If you search most websites on constructing the perfect salad, almost every source will feature greens, color, fat, protein, something crunchy and a dressing.

But where are the carbs????

As it relates to athletes, who have different energy needs compare to their sedentary counterparts, we must remember that every meal should provide our body with a healthy carbohydrate option. A meal lacking in carbohydrates will only lead to sugar cravings, not to mention low energy in your upcoming workout. Plus, every individual, athlete or not, deserves to eat carbohydrates.

As it relates to carbohydrates in the athletes diet, I find that many athletes will opt for the most convenient carb out there......bread. While there is nothing wrong with bread (fresh local bread is a daily staple in our house), I find that our society (America) has an unhealthy relationship with bread. 

Whereas in many cultures, bread means family, love, tradition and togetherness, in America, bread is a big no-no. It's often made in machines, stored on grocery store shelves for weeks at a time (without spoiling) and often serves as a way to hold meat and condiments together when you need to eat with your hands, on the go. It's a great delivery system for butter, cream cheese and nut butter but it's also a cheap option to fill you up or to keep you distracted as your restaurant meal is being prepared.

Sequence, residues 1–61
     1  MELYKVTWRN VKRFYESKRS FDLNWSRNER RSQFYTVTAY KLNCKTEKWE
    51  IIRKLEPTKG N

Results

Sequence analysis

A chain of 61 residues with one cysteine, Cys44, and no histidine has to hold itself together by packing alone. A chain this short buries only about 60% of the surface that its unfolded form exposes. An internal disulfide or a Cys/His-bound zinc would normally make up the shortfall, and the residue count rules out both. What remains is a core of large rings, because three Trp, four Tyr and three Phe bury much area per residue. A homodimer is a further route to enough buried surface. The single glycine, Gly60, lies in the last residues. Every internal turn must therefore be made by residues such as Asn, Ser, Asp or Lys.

Sadly, in America, we just don't have a good relationship with bread and a lot of this is because of the function of bread in the Western diet. Bread isn't seen as something sacred and special like in other countries. Meetings, rushed schedules, emails, working too much, sleeping too little.....why spend hours mixing, kneading, waiting, watching and making bread when the accessibility of buying bread from the grocery store will save you so much time?

For many cultures, bread is not suppose to be low-calorie, gluten free or filled with chemicals that inhibit mold growth, not to mention sliced and stored in a plastic bag. Perhaps I have a different appreciation of bread because of my European husband, who grew up on fresh, local bread that was purchased every day by walking to the nearby grocery/bakery and his mother wouldn't never buy something if it could be made at home, with love.